For decades, studies have documented that men interrupt women who are speaking, particularly in the workplace, with much higher frequency than they interrupt other men (or than women interrupt anyone).* There are many theories as to why this may be and how to remedy it, but the incidence of interruption does not seem to have changed much over the years. This piece lists some of the tactics “experts” recommend women use to avoid being interrupted. Continue reading
I adapted this text from Sonya Huber’s poem “What Pain Wants”, which I found in her book Pain Woman Takes Your Keys and Other Essays from a Nervous System. Having lived with chronic pain myself since the age of eighteen, I related strongly to the idea of pain as a constant companion, a sort of being with a cryptic personality. Continue reading
Ill on a Journey is a multilingual opera/oratorio about navigating life with chronic illness—the story of Aurelia, an adventure-loving woman whose health increasingly restricts her mobility. Featuring ancient and modern texts from around the world, it explores the theme of travel and alternative means of fulfillment for those who are unable to leave home. The title is taken from the last poem of Matsuo Bashō, a 17th-century Japanese journeyman-poet with whom Aurelia feels an affinity.
Aurelia’s worsening illness precipitates a search for meaning in her favorite activity: traveling. From the isolation of her bedroom, she voraciously reads, trying to pinpoint exactly why traveling is so special to her, and how she might find similar purpose in her new housebound life.
The story takes place over the course of a year and is divided into 12 movements corresponding to each month. The chorus and its soloists present material that Aurelia reads (texts by Han Yu, Matsuo Bashō, Gabriela Mistral, Claude McKay, and Alexander Pushkin, among others, in the original languages), and she responds in solo (soprano) passages, on texts by the composer in English. Three of Aurelia’s solo movements have been independently performed in chamber ensemble arrangements, available below.
Please contact Rebekah if you are interested in performing this piece.
This piece was inspired by Brooklyn’s Green-Wood Cemetery, 478 acres of natural beauty, history, and sculpture. The site of the 1776 Battle of Long Island, the cemetery now features four glacial ponds and thousands of trees (including some of Brooklyn’s oldest), sheltering an astounding variety of resident and migrating birds. Continue reading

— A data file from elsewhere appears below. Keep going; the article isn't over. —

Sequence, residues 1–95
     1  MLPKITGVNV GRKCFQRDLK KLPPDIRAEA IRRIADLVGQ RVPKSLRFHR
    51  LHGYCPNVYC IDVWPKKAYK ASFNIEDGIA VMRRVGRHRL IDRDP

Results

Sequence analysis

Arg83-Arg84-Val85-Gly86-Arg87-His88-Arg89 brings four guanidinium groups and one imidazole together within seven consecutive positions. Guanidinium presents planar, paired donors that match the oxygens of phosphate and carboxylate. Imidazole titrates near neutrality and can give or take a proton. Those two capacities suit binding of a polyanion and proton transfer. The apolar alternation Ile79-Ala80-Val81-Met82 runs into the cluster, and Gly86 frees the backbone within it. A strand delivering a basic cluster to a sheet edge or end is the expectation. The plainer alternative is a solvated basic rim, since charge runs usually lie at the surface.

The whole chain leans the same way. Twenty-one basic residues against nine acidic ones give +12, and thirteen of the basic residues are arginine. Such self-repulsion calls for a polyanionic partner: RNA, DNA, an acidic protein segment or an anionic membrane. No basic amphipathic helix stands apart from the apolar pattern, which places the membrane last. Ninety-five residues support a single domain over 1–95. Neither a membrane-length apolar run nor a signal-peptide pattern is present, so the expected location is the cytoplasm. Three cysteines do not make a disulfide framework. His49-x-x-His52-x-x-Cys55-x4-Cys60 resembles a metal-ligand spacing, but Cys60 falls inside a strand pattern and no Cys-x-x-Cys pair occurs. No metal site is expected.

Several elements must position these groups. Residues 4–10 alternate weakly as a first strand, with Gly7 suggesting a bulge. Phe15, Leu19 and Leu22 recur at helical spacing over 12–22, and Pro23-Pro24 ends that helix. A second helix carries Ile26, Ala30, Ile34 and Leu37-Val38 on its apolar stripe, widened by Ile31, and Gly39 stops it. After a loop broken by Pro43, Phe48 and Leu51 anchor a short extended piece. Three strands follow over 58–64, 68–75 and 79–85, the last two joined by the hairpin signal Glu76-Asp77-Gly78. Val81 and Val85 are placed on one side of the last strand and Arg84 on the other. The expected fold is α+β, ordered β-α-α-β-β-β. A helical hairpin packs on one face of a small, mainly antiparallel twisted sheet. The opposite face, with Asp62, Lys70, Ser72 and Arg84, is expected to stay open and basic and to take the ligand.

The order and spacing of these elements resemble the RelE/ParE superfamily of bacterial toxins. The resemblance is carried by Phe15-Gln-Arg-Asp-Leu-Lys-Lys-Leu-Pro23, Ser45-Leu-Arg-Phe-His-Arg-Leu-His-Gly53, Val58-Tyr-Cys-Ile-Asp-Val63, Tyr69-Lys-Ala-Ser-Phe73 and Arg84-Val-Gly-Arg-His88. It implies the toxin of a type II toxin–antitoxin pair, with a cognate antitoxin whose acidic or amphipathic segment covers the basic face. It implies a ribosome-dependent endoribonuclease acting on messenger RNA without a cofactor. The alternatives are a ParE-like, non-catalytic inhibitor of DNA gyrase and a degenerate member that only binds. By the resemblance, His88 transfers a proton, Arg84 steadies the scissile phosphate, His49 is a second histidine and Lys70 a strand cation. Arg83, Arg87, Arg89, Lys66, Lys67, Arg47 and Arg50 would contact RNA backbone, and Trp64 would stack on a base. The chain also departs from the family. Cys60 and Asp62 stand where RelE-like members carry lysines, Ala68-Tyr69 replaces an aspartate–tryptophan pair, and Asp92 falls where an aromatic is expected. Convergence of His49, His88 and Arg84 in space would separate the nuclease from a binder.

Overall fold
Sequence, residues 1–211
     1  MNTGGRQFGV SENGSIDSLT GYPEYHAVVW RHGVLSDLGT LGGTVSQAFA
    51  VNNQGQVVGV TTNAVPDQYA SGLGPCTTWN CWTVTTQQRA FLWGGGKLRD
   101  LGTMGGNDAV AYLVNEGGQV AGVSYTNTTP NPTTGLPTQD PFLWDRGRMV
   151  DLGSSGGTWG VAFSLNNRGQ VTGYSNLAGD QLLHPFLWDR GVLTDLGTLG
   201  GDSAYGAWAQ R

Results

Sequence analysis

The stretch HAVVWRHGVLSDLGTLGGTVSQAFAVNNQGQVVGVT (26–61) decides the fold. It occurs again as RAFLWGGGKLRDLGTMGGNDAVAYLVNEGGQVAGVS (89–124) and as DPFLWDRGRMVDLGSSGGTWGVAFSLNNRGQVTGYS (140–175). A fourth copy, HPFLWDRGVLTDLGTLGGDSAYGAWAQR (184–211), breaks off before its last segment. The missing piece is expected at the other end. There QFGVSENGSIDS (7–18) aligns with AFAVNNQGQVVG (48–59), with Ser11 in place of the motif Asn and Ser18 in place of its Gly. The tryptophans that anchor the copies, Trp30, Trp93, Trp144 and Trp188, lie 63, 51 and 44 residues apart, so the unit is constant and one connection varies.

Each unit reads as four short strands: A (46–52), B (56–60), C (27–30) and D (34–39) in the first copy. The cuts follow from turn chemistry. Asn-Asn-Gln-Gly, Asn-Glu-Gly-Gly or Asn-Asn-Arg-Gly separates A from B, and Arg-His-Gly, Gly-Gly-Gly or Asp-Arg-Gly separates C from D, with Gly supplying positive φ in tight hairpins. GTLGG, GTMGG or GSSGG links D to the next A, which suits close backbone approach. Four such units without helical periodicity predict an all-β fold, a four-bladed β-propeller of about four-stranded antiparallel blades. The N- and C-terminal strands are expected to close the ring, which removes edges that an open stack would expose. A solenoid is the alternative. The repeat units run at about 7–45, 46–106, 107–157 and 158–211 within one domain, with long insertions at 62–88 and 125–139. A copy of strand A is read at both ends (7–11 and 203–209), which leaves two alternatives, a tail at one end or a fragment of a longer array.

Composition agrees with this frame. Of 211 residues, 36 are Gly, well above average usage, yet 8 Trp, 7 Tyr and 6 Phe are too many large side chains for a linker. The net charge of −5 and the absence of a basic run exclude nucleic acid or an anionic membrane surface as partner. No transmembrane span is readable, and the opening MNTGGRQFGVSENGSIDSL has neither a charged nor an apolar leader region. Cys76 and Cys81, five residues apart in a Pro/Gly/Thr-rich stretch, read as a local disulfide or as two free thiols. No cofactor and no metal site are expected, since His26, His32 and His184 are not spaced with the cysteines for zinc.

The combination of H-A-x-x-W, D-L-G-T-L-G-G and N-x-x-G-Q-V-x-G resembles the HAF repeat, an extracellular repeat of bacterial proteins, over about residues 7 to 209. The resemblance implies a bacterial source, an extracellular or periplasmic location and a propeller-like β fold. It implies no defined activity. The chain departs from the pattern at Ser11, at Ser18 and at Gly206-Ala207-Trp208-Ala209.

This piece was inspired by a site in Arizona’s Red Rock Secret Mountain Wilderness, where in 2006 a campfire triggered the devastation of 4,000 acres. Continue reading
The title Iwa Ni comes from a poem by 17th-century Japanese poet Matsuo Bashō. By itself, iwa ni means something like “into the rock”. Bashō wrote the poem at the mountain temple of Risshakuji, as part of his 1,500-mile journey around northern Japan. Continue reading
About 60,000 people, including some 24,000 children, sleep in New York’s municipal homeless shelters each night, and thousands more sleep unsheltered on the streets. This diverse population includes people from nearly all walks of life, although the primary cause of homelessness for the majority is the severe shortage of affordable housing.
This work was composed while living on the large and mostly rural island of Lantau, in the Hong Kong Special Administrative Region. In recent years the Lantau landscape has undergone dramatic transformations—tourism and transportation developments that can be seen from space, and an exponentially increasing population—with more changes planned for its future. Continue reading
Testing the Second Breath refers to the maxim that half the Earth’s oxygen is generated by marine life. “Take two breaths,” conservationists say. “The second comes from the ocean.” Continue reading
This song cycle is my response to eight surrealist works by René Magritte, whose famous The Treachery of Images highlights the impossibility of art to truly reflect reality. Magritte described his creations as “images which conceal nothing [and] evoke mystery… [they do] not mean anything, because mystery means nothing either; it is unknowable.” I have tried to capture the same spirit of mystery in both the words and the music.